Neuroanatomy for Speech-Language Pathology and Audiology 2nd Edition PDF Free Download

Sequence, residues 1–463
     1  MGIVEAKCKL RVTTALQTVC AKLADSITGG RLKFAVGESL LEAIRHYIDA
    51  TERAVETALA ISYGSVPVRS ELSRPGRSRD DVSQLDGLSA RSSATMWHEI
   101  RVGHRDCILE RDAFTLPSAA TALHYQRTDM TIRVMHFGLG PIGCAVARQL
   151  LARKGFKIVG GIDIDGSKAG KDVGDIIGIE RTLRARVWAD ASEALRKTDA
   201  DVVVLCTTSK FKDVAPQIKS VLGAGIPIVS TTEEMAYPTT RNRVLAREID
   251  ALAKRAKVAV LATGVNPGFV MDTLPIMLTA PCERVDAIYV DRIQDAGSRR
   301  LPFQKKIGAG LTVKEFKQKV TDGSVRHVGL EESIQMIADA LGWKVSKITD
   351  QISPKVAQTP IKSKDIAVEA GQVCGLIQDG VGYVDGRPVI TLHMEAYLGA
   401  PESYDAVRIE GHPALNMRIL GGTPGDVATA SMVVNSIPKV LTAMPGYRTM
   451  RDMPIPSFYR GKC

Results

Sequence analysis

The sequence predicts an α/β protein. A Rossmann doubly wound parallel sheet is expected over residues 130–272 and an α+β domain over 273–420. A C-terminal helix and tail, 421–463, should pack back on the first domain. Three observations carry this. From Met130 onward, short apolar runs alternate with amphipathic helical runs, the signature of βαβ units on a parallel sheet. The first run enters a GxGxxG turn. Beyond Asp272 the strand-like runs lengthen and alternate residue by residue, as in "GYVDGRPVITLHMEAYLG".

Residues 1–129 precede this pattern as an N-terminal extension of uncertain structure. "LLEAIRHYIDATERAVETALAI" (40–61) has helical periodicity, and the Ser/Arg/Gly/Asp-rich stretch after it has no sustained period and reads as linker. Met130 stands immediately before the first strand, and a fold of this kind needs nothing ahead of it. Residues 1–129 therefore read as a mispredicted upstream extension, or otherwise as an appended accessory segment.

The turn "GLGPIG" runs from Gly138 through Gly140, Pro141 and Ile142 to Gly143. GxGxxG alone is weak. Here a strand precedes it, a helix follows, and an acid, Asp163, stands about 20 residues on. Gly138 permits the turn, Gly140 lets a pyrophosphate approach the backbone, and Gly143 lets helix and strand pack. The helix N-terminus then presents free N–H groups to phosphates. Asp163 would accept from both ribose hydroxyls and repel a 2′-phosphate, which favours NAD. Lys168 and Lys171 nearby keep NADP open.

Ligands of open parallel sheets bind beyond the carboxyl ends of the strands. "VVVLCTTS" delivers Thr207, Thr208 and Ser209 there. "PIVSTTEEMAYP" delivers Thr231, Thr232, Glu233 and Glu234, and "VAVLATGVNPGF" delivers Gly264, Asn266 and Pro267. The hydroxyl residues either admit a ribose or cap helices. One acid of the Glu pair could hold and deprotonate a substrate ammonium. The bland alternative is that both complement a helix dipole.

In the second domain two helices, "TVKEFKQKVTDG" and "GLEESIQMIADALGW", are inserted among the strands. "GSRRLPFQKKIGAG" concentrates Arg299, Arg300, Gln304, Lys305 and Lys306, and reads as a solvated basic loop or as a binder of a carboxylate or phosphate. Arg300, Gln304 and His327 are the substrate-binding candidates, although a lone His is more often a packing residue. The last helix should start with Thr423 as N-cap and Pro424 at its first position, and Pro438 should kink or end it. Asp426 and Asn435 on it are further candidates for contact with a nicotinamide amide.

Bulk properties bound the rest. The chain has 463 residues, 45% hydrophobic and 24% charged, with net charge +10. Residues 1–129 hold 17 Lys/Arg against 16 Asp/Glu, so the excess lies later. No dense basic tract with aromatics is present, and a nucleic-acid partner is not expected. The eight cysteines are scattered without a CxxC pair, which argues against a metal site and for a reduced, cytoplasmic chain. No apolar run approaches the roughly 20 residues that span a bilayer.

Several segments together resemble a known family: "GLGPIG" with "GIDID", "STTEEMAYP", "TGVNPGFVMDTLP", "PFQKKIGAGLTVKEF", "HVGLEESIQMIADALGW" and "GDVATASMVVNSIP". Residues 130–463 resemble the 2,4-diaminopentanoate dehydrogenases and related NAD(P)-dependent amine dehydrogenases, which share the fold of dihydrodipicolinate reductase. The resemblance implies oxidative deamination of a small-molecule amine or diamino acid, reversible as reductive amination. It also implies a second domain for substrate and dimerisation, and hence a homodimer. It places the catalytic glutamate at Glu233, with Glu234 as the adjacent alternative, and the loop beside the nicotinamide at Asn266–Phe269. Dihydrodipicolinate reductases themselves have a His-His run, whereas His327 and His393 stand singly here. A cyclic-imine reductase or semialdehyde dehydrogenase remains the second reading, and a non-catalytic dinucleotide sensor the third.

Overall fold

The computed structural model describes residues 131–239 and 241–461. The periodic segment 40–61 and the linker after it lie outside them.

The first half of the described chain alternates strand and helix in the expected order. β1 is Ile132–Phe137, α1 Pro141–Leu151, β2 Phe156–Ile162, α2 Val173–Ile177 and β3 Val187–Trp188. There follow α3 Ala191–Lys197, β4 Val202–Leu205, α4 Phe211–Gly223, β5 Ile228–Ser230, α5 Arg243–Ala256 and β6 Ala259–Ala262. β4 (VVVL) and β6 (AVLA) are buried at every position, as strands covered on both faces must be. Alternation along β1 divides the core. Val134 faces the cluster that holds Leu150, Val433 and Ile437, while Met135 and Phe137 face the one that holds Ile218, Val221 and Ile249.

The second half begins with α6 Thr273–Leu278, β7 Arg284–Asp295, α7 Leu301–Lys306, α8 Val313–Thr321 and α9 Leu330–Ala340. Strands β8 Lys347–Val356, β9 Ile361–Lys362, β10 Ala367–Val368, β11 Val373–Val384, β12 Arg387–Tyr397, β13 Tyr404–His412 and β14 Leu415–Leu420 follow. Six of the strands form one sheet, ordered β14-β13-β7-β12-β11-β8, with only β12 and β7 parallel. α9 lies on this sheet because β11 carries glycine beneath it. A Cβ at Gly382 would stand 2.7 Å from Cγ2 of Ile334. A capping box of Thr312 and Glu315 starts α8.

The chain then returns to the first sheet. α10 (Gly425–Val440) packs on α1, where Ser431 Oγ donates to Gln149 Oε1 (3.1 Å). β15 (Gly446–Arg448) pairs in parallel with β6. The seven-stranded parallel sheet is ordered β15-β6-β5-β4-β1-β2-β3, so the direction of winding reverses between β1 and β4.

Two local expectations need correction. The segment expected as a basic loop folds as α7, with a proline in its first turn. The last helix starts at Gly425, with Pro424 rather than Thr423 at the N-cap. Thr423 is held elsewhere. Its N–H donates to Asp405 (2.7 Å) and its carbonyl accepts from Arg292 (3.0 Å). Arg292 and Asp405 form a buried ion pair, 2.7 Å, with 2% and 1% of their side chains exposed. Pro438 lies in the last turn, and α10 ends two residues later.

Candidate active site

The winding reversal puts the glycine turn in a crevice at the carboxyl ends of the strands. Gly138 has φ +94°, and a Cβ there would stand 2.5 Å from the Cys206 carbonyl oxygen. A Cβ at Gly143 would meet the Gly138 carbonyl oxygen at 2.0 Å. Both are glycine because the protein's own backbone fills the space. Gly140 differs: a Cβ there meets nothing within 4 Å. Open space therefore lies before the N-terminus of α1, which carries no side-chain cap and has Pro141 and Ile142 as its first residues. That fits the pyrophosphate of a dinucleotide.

This text is primarily intended for graduate students studying communication sciences and disorders, but it is also written in an accessible way for junior or senior undergraduates preparing for graduate school. It is more important than ever for communication science and disorders students to understand the neurological underpinnings of communication disorders. As I think back on my own education, I did not have a standalone neuroanatomy class in either my undergraduate or graduate communication sciences and disorders training. At that time, this kind of information was imbedded over the span of a couple of weeks in an undergraduate anatomy of speech and hearing course. After graduate school, I entered the profession as a medical speech-language pathologist at a regional trauma center. It was here that I was challenged to learn about a variety of neurological disorders that I had previously learned little about. It has been over a quarter century since I completed my master’s studies, and a lot has changed since that time. Now, nearly all graduate training programs have a full class in neuroscience to help students better understand, assess, and treat people with neurogenic communication disorders. This text was born after a 15-year search for a neuroscience book focused on communication and communication disorders for my class. I adopted general neuroscience texts written by neurologists and neuroscientists, but I was unhappy with the lack of discussion about communication and communication disorders. I also tried texts written by communication scientists and others in communication disorders, but I found these to resemble the general neuroscience texts with some discussion of communication disorders sprinkled in here and there. Often, robust discussions of language or swallowing were entirely missing. I mentioned this frustrating search to a salesperson from Jones & Bartlett Learning, who asked “Have you ever thought about writing one?” The seed was planted and I realized that it was time to stop complaining and produce something that would at least help me in my class.